# Parsing JSON in one go

I need to parse a simple JSON string (flat JSON, no hierarchy) for keys and values, and there is a system constraint that I cannot use any built-in JSON library and can only read a string once due to latency requirements. I need to use Python 2.7.x series and cannot use a higher version.

Currently, my major concern for below code is, I still do a bit more than one pass string parsing, since I need to go backward/forward to remove unnecessary characters around a word, which is what wordBeautify does.

This is a follow-up to "Json String Parsing"

def wordBeautify(word1, beginIndex, endIndex):
noMeaningChars=[' ', '"', '{', ',', ':','}']
while word1[beginIndex] in noMeaningChars:
beginIndex+=1
while word1[endIndex] in noMeaningChars:
endIndex-=1
return (beginIndex,endIndex+1)

def parseElegant2(str1):

keyStr=''
valueStr=''
beginWord = False
isKey=True
beginIndex=0
endIndex=0

for i in range(len(str1)):

if str1[i]==':':
endIndex=i-1
(x,y) = wordBeautify(str1, beginIndex, endIndex)
keyStr=str1[x:y]
print "key string " + keyStr
beginIndex=i+1
elif str1[i]==',' or str1[i]=='}':
endIndex=i
(x,y) = wordBeautify(str1, beginIndex, endIndex)
valueStr=str1[x:y]
beginIndex=i+1
print "value string " + valueStr
print 'key and value, '+ keyStr, valueStr

def parseElegant(str1):

keyStr=''
valueStr=''
beginWord = False
isKey=True
beginIndex=0
endIndex=0

for i in range(len(str1)):

if str1[i] == '"' and beginWord==False:
beginWord=True
beginIndex = i+1
elif str1[i] == '"' and beginWord==True:
beginWord=False
endIndex=i
if beginIndex<endIndex:
print "get word, " + str1[beginIndex:endIndex]
elif str1[i]==':':
keyStr=str1[beginIndex:endIndex]
elif str1[i]==',':
valueStr=str1[beginIndex:endIndex]
print 'key and value, '+ keyStr, valueStr

if __name__ == "__main__":

#JSONString = '{ "id": 1, "name": "A green door", "price": 12.50, "tags": ["home", "green"]}'
JSONString1 = '{ "id": "1", "name": "A green door", "price": "12.50", "tags": "home green"}'
JSONString2 = '{ "id": 1, "name": "A green door", "price": 12.50, "tags": "home green"}'

parseElegant2(JSONString1)
parseElegant2(JSONString2)

• One thing we didn't cover in the previous version, is that this could benefit from linking to the previous version, and also list some of the improvements you've made from the first version! :-) – holroy Feb 28 '16 at 0:15
• Would it be considered parsing to check if the string has valid JSON characters - such as: if ( '{' not in str1 or '}' not in str1 ): Exception('badjson', abort') ?? – cgseller Feb 28 '16 at 18:31
• @cgseller, good catch. In my problem, JSON is considered to be good format from upper stream processors. Your advice is appreciated for the code I posted, for correctness and reliability, Currently, my major concern for below code is, I still do a bit more than one pass string parsing, since I need to go backward/forward to remove unnecessary characters around a word, which is what wordBeautify does. – Lin Ma Feb 28 '16 at 19:17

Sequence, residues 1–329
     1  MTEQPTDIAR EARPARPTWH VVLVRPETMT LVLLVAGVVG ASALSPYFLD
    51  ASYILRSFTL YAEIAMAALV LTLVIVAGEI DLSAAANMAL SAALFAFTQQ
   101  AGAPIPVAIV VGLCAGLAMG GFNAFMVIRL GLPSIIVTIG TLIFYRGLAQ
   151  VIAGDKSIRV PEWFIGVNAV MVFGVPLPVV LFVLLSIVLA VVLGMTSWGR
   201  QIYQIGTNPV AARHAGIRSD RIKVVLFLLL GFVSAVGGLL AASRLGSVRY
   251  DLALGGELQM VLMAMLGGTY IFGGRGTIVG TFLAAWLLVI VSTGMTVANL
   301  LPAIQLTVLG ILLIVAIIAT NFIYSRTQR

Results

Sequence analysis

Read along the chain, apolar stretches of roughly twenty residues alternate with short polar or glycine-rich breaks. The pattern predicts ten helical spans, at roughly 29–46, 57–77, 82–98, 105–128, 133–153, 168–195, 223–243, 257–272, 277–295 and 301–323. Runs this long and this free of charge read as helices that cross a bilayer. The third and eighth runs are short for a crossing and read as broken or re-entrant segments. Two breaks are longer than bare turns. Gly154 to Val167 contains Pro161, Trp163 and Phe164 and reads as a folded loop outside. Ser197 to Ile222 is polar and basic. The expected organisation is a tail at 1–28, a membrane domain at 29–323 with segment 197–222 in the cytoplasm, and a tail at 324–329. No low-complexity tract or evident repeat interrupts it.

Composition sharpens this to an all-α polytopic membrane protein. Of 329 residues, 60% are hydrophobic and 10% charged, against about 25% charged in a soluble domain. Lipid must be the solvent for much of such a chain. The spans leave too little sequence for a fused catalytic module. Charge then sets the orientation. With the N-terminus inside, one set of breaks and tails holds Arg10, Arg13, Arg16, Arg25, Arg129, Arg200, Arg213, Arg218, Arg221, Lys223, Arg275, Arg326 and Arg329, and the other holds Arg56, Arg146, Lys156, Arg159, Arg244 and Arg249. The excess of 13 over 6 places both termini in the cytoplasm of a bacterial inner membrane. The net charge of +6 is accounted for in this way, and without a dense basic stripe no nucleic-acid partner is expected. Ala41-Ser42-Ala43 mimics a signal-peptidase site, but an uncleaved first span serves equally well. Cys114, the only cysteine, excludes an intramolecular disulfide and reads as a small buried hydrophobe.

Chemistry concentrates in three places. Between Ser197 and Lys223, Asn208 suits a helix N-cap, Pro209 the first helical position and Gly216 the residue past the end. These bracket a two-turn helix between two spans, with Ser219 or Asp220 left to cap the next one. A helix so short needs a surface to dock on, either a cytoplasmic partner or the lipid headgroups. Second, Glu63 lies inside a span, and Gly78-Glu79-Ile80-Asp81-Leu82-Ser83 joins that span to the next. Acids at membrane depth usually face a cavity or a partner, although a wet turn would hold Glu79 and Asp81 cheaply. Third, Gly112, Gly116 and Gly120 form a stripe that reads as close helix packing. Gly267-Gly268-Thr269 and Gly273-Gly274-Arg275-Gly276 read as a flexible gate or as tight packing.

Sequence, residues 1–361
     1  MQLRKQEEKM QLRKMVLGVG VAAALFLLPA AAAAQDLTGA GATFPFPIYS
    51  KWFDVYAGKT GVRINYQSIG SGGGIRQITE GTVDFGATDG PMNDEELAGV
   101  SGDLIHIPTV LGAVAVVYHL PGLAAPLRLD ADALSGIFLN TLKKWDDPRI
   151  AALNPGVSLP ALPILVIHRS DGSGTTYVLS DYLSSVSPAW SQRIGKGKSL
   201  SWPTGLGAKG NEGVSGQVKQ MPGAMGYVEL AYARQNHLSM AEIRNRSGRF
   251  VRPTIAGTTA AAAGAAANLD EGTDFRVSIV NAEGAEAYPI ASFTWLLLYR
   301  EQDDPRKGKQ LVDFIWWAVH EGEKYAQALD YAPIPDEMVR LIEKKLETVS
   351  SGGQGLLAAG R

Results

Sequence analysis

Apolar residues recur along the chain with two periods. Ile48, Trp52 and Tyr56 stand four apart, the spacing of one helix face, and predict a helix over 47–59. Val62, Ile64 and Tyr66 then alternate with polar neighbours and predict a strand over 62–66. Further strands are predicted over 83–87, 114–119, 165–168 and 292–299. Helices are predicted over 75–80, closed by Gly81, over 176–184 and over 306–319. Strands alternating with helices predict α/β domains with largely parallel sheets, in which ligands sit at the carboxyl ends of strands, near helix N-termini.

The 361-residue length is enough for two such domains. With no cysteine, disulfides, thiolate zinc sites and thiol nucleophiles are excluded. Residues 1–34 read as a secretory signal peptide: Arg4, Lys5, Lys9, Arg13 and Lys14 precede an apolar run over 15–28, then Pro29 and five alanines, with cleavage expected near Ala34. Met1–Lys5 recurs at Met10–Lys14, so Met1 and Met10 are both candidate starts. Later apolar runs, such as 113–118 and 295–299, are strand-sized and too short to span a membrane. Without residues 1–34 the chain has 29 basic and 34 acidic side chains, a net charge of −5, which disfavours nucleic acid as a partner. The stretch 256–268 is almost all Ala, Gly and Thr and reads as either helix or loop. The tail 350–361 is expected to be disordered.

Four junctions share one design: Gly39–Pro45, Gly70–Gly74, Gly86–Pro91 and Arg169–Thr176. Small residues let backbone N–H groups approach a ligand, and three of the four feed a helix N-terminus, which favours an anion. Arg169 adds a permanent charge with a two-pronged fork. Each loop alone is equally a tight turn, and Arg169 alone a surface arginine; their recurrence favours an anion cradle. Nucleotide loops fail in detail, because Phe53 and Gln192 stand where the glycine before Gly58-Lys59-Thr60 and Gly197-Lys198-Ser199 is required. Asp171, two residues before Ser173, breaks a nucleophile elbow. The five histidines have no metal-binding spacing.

• If you want (and it's a good idea) to have a single pass, then consider using a stream, looking only at the (single) next character at a time and then build a state machine around it. – ferada Mar 3 '16 at 13:24
• @ferada, good idea. My question is more about how to implement the specific logic in details. If you have any comments for my code and my question posted, it will be highly appreciated. :) – Lin Ma Mar 4 '16 at 20:29

## 2 Answers

First of all, let me say well done on the progress made from your first question to now!

## Code Review is for reviewing code

As you seem to be seeking advice "about how to implement" an idea (i.e. streams), I think you may be better off asking on Programmers.SE, since that is a more appropriate place for questions about "software architecture and design" and "algorithm and data structure concepts". Code Review is "not for questions about broken code, hypothetical code, or non-existent code, as such questions will be closed as off-topic." (taken from this help page).

I can see that you have code already, and are seeking to improve it (in a way that doesn't add any functionality) - so I consider your question to be on-topic. Although your desire to learn about other ways of implementing it entirely may not be best placed on this site.

## A Quick Review

Remove old code
You have included the (now unused) code for parseElegant (version 1). While I can understand you not wanting to erase this, you have already linked to your previous question (which contains the old code). Including version 1 here just adds ~24 lines for reviewers to have to scroll through.

Can't you just use strip?
The wordBeautify function (which you are seeking to make redundant/remove) seems to be VERY similar to the Python built-in string.strip method?

Consider the following code:

test="{:foo }"
(x,y)=wordBeautify(test,0,len(test)-1)
a=test[x:y]
b=test.strip(' "{,:}')


Resulta and b both work out to be "foo"!

Use better variable names!
At present, your parseElegant2 function takes an argument called str1. While it is obvious that this means something along the lines of the first string - it is not actually particularly helpful in knowing what that variable represents.

Something more like json, text_candidate, or candidate may be better - as it expresses that this is a long text containing json, or something that is a candidate to be processed into JSON.

You have a similar issue in wordBeautify, with word1. This could just be named word, or similar.

Return is better than print
I've noticed that in your function you are not return'ing any values. Instead you are just print'ing to the standard output (STDOUT). Is this your goal? Or will your program eventually need to construct some kind of data structure (such as a dict) of the JSON values?

I would recommend refactoring your code to return a data structure, and have your function write the JSON values into that data structure.

## A word on string stream processing

As @ferada commented, I think you should "consider using a stream, looking only at the (single) next character at a time and then build a state machine around it.", however your current program is not doing this.

Instead, your loop is going through the indices of the string. And is (at present), also calling your wordBeautify function to do the same (with indices).

Rather than using for i in range(len(str1)):, as you currently are - I would recommend that you loop through the characters themselves (one at a time, as @ferada suggested). Thus, your loop may look more like: for c in str1:

This way, you are essentially forced into only looking at the current character. (i.e. you are unable to increment/decrement any number value to go forwards or backwards in the string.)